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Effects of SOCS1-overexpressing dendritic cells on Th17- and Treg-related cytokines in COPD mice

Abstract

Background

In this study, we established a chronic obstructive pulmonary disease (COPD) model by stimulating mice with cigarette smoke, and observed the effects of dendritic cells (DCs) overexpressing SOCS1 on Th17, Treg and other related cytokines in peripheral blood, bronchoalveolar lavage fluid and lung tissues of COPD mice.

Methods

After successfully transfecting DCs with overexpressing SOCS1 (DC-SOCS1), the mice were injected with DC-SOCS1 (1 × 106), DC-SOCS1 (2 × 106) and immature DCs (1 × 106) via tail vein on days 1 and 7 of COPD fumigation modeling. After day 28 of modeling, the peripheral blood, BALF and lung tissue samples were extracted from the mice, and the changes of DCs, Th17 and Treg cells and related cytokines were detected by immunohistochemistry, immunofluorescence, HE staining, flow cytometry and ELISA.

Results

The results showed that DC-SOCS1 was able to reduce the secretion of pro-inflammatory factors and increase the anti-inflammatory factors in the COPD mice, and the effect of high concentration (2 × 106 DC-SOCS1) was better than low concentration (1 × 106 DC-SOCS1). Moreover, the intervention effect was significant on day 1 compared with day 7. In the mice injected with DC-SOCS1, the expression of CD83, IL-4, Foxp3, and CCR6 was increased on day 1 than those on day 7, while IL-17 and IFN-γ was decreased.

Conclusions

Intervention of COPD mice with high concentrations of DCs-SOCS1 reduced pro-inflammatory factor secretion and attenuated the inflammatory response in COPD.

Trial registration Not applicable.

Peer Review reports

Background

Chronic obstructive pulmonary disease (COPD) is a chronic inflammatory disease of the airways characterized by incomplete reversibility and progressive airflow limitation, associated with an enhanced chronic inflammatory response of the airways and lungs to toxic particles or gases [1, 2]. The incidence and mortality rates of COPD have continued to increase in recent years [3].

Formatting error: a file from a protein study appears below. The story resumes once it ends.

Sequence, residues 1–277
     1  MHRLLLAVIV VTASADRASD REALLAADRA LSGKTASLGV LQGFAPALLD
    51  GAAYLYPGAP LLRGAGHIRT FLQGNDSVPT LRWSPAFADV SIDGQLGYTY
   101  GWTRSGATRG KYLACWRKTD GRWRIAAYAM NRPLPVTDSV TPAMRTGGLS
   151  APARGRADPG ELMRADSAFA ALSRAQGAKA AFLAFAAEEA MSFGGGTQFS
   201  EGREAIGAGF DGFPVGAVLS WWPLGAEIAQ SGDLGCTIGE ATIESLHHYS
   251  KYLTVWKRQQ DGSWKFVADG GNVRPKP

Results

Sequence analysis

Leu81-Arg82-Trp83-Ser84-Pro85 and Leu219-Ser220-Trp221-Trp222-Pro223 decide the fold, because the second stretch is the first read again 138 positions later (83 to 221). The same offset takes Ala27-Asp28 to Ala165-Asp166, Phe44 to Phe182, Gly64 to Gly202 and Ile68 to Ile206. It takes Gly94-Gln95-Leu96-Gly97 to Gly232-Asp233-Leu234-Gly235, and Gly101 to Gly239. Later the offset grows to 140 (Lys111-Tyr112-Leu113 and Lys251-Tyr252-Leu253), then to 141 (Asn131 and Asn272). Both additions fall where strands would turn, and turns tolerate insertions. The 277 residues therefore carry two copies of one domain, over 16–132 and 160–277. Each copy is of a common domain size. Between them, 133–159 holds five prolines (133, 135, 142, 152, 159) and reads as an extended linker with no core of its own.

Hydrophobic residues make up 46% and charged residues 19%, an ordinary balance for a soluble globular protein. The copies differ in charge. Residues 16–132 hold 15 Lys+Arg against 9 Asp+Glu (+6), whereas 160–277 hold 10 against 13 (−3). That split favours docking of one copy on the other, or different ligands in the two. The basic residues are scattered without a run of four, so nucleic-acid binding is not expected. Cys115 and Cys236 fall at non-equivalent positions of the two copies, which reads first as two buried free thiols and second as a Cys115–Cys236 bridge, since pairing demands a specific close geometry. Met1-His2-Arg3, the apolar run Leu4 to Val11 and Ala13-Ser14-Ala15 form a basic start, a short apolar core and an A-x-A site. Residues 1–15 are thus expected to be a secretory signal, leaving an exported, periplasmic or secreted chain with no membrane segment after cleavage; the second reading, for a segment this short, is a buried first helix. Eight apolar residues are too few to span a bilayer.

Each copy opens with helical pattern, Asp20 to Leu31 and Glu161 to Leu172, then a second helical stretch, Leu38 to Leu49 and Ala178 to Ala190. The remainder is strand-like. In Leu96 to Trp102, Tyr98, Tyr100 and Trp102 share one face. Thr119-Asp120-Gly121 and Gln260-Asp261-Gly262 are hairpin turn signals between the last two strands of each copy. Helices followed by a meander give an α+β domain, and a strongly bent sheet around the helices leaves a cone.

In addition, it has been found that COPD may be an immune disease caused by smoking and its pathogenesis may be related to the deregulation of the autoimmune system [4, 5]. T lymphocytes play an important role in the immune regulatory mechanism of COPD, mainly by mediating airway inflammation or immune response, which requires the participation of dendritic cells (DCs) [6, 7]. DCs are the most important specialized antigen presenting cells (APCs) in the body, which can take up, process and present antigens, stimulate the proliferation and activation of initial type T cells, and are central to the initiation, regulation and maintenance of specific immune responses [8, 9]. As a recent study, the role of DCs in immune-related diseases has become a hot topic. Depending on their maturation status, DCs can be divided into imDCs and mDCs. The imDCs are typically tolerogenic and induce immune tolerance by regulating T-cell responses to keep the body in a balanced and healthy state [10]. The suppressor of cytokine signaling (SOCS) 1 is a negative regulator of the signal transducer and activator of transcription (STAT) pathway of Janus kinase (JAK), which is involved in the differentiation, activation, and maturation of DCs, and the overexpression of SOCS1 can maintain DCs in the state of imDCs [11, 12]. In recent studies, SOCS1 was found to be involved in the pathogenesis of COPD and related to the time of COPD onset [11]. However, the effects of overexpressed SOCS1-regulated DCs on T helper 17 (Th17), regulatory T cells (Treg) and other related cytokines in the pathogenesis of COPD have not been clarified.